I injured myself at work but my employer does not have insurance
Workers compensation claims in Tasmania
If you injure yourself at work in Tasmania you're entitled to make a workers compensation claim to cover your wages, medical treatment and other expenses. But what happens if you lodge your claim and then your employer tells you that they don’t have workers compensation insurance?
Does an employer have to hold workers compensation insurance?
Each state and territory in Australia have laws that provide benefits to injured workers in the event of a workplace injury. Employers by law are required to hold a valid workers compensation insurance policy to cover associated wages and medical costs.
For further information about workers compensation laws in your state, you can click the link here.
Am I still protected if my employer has no insurance?
These state and territory laws also contain provisions to assist injured workers in circumstances where their employers do not hold valid workers compensation insurance. Each jurisdiction is different and have different safeguards in place.
If you lodge a worker’s compensation claim with your employer and are informed that they don’t have a valid insurance policy, you should seek urgent legal advice.
In Tasmania, when an employer does not have a valid workers compensation insurance policy and ceases to compensate a worker directly, the nominal insurer can step in and act as the ‘default’ insurer to compensate the worker in certain circumstances.
A recent case where the employer had no insurance
In the decision of O. v Delta 1 Security Services Pty Ltd t/as NSG Australia  TASWRCT 15 (16 April 2019), Hall Payne Hobart Associate, Indi Gunadasa represented an injured worker whose employer did not have valid workers compensation insurance at the time of injury.
The worker’s employer agreed to pay the worker directly to cover her wages and medical treatment however the employer eventually ceased operation in Tasmania and made no further communication with the worker about future compensation.
As a result of the employer’s actions, the worker was left without an income (as she was unable to work) and any ability to receive treatment for her medical condition.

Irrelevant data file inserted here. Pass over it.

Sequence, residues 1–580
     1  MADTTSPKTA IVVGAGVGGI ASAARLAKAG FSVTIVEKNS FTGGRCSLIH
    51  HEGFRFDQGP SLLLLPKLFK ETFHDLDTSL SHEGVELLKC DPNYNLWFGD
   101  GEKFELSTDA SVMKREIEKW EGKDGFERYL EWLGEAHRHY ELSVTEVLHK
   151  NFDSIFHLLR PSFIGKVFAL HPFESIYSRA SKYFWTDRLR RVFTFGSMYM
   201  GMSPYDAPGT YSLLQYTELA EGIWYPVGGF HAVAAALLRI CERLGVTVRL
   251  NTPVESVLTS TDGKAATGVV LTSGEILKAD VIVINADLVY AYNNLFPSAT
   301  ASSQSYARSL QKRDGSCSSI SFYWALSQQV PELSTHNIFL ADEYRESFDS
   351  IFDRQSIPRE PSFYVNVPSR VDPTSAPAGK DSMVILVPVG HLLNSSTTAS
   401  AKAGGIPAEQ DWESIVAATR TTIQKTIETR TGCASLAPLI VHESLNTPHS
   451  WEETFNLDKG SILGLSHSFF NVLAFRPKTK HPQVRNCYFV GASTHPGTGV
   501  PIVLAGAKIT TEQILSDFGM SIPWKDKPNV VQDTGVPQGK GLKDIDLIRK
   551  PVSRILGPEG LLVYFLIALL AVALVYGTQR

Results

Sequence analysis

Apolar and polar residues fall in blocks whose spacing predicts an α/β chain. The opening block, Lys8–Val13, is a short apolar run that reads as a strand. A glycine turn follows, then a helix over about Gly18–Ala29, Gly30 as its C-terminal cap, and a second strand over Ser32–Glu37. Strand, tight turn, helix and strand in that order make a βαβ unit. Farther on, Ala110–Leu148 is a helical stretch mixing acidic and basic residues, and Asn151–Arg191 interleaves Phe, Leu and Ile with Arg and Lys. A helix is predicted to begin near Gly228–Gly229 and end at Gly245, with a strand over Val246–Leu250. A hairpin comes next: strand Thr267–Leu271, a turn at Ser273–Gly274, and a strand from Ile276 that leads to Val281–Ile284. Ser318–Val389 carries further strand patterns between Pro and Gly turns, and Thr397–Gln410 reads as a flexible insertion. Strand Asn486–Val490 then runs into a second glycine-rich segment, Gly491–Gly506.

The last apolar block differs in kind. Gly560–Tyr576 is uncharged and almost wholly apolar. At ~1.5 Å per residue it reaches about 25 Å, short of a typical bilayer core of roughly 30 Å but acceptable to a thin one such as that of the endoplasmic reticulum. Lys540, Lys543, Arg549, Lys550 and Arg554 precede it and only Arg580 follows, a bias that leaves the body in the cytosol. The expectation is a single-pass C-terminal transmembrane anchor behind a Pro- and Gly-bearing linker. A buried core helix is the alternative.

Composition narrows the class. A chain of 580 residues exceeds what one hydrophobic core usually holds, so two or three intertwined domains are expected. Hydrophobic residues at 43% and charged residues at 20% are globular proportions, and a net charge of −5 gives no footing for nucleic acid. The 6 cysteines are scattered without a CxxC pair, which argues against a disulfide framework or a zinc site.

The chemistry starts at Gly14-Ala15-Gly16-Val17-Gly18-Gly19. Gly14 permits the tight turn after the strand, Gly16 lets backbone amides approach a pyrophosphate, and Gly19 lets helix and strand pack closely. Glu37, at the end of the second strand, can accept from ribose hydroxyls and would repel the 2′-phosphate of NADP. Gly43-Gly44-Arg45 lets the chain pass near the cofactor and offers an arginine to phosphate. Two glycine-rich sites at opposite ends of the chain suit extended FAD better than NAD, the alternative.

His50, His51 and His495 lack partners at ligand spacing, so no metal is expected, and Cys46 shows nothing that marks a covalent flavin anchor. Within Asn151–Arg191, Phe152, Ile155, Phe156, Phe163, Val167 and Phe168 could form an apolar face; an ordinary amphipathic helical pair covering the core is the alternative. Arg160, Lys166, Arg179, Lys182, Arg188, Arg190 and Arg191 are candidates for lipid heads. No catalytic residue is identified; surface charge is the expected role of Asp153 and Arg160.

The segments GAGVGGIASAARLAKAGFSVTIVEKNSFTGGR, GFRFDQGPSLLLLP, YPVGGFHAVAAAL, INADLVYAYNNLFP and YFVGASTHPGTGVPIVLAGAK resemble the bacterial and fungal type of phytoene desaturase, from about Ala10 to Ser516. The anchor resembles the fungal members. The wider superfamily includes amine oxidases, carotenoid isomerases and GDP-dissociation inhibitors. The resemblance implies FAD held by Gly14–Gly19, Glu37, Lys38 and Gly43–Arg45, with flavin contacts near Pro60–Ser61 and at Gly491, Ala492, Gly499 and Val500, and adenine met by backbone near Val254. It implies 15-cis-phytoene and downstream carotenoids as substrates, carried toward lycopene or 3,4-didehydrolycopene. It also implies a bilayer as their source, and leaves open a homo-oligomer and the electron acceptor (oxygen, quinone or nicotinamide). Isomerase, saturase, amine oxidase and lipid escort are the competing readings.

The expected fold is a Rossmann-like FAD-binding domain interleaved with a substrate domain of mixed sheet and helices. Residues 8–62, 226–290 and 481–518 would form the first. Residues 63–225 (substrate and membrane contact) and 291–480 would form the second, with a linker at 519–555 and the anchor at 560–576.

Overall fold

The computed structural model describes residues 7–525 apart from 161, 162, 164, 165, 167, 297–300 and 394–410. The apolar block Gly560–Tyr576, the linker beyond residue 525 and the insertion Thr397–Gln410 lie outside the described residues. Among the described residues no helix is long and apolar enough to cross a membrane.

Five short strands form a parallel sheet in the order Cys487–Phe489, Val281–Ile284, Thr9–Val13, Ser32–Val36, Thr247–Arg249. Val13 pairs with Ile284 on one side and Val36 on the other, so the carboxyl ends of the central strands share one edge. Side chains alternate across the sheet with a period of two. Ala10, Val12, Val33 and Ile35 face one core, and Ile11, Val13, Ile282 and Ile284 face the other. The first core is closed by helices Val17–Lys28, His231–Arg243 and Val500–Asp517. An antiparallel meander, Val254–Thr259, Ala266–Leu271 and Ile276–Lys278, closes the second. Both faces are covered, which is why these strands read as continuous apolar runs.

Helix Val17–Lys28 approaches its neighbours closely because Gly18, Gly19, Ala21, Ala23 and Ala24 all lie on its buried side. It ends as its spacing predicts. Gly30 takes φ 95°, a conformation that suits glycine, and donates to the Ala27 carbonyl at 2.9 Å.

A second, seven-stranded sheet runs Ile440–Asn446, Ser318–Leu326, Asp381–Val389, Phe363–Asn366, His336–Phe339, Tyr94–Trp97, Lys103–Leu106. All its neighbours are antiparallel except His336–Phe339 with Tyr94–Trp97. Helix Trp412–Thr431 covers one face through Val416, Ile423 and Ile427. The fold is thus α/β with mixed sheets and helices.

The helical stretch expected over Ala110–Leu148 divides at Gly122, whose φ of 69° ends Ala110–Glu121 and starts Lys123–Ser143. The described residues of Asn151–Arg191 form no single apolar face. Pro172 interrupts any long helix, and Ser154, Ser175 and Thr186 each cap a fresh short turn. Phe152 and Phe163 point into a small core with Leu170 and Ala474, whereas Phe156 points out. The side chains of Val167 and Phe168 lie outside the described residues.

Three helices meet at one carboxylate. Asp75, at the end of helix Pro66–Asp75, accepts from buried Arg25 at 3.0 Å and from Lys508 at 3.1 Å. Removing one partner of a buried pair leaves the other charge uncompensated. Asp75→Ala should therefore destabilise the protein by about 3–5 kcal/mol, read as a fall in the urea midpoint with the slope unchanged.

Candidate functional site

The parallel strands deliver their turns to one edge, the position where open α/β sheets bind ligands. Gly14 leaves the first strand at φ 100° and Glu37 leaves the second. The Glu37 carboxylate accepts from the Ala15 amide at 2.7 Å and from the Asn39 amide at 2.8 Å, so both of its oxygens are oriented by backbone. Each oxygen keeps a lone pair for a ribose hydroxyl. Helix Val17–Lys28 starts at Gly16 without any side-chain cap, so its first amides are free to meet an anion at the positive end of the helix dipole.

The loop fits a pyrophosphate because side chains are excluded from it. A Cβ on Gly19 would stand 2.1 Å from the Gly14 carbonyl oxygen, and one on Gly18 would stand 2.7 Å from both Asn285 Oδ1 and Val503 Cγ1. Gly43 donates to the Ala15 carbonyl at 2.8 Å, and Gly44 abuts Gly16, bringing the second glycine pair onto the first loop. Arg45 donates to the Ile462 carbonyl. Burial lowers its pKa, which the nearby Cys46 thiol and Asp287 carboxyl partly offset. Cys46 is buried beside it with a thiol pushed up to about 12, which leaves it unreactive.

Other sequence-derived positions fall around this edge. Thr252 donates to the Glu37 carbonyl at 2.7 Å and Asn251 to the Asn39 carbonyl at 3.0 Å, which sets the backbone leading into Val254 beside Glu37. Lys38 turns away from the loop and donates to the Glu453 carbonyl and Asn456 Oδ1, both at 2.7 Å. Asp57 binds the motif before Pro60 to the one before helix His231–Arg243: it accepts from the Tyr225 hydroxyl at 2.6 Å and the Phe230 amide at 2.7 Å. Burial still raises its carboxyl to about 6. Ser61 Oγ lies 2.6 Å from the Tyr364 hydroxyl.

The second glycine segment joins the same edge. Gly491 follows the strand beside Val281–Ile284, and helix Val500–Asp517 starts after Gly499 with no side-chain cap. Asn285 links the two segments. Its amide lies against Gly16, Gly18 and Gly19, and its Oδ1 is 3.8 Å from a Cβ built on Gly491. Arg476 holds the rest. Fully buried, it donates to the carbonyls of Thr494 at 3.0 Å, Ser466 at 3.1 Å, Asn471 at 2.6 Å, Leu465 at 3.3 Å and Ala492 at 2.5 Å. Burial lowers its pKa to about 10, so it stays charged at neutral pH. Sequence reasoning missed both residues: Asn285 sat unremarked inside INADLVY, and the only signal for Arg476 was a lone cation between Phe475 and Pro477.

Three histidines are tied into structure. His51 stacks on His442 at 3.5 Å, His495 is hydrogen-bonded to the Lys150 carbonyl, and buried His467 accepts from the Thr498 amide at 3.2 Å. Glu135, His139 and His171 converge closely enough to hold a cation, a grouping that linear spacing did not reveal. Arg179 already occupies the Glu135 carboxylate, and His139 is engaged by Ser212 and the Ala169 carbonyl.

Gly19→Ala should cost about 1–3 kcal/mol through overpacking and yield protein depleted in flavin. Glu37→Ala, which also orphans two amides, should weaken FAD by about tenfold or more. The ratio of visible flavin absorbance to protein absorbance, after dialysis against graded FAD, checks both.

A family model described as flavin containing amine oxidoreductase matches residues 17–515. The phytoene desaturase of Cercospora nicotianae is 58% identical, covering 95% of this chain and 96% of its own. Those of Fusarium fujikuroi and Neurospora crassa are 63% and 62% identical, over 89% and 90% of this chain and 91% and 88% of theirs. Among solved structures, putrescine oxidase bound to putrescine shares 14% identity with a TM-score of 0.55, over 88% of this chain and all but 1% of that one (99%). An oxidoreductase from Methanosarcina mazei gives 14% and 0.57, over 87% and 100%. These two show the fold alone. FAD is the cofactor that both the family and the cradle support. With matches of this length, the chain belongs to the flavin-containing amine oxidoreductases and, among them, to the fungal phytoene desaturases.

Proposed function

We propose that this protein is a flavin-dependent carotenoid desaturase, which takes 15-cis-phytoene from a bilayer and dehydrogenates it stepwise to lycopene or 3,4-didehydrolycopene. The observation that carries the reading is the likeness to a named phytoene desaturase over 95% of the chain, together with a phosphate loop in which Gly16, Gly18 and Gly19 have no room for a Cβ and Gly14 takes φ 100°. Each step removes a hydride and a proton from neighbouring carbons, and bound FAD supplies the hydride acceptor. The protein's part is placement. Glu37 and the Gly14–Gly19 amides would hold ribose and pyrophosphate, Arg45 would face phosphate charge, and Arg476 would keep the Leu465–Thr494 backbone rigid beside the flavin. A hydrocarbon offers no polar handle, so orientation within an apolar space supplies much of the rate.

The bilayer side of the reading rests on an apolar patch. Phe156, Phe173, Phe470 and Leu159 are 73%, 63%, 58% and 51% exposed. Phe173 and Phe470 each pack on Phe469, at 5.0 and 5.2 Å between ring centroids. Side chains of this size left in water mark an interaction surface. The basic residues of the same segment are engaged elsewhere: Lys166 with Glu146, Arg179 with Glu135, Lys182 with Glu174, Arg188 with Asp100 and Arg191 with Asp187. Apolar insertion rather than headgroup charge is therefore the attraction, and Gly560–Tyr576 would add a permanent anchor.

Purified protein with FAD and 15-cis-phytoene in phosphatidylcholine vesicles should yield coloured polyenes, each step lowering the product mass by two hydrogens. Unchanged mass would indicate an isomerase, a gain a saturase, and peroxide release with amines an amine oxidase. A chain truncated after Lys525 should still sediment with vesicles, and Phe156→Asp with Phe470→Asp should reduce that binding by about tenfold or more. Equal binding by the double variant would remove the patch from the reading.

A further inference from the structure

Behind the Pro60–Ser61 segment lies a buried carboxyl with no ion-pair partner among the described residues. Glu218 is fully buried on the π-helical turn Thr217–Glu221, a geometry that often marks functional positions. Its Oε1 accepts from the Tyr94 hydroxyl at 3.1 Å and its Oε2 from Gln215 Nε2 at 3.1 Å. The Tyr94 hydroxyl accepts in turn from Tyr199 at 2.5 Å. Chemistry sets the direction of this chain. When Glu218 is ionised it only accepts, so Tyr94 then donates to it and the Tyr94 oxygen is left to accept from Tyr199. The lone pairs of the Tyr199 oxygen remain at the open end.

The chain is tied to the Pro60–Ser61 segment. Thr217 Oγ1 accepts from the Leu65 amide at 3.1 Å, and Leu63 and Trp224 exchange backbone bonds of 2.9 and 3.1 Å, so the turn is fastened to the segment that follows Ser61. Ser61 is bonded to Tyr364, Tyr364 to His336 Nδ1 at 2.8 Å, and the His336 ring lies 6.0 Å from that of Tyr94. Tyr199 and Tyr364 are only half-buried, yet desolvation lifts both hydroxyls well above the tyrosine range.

Hall Payne filed documentation into the Workers Rehabilitation Compensation Tribunal and made submissions addressing the relevant law about involving and joining the nominal insurer.
The Tribunal accepted the submissions and evidence provided on behalf of the worker, stating:
…The evidence is that the employer, at a later time, simply stopped meeting its obligations to the worker as imposed upon it by the Act. The employer’s obligations to meet its liabilities under the Act are ongoing.
The Tribunal found in favour of the worker and as a result, agreed to make the following orders:
- The worker receive backpay in the sum of $25,304.80 for lost payments since the time her payments ceased;
- The employer pay the outstanding medical bills;
- The worker continue to receive a weekly wage paid the employer;
- The worker continue to receive medical treatment paid by the employer; and
- The nominal insurer step in if the employer fails to do the above.
Employer failed to comply with court orders
The employer did not comply with the above orders, so the nominal insurer was joined to the workers claim for compensation, back paying the worker, commencing to make weekly payments to cover the worker’s salary and also paying for the workers ongoing medical treatment.
Media on this case
- The decision was published in the Mercury Newspaper (note, this is a paid subscription link)
- The story can also be viewed on the Mercury’s Facebook page
- The full court decision and orders can be viewed here.
This article relates to Australian law; either at a State or Federal level.
The information contained on this site is for general guidance only. No person should act or refrain from acting on the basis of such information. Appropriate professional advice should be sought based upon your particular circumstances. For further information, please do not hesitate to contact Hall Payne Lawyers.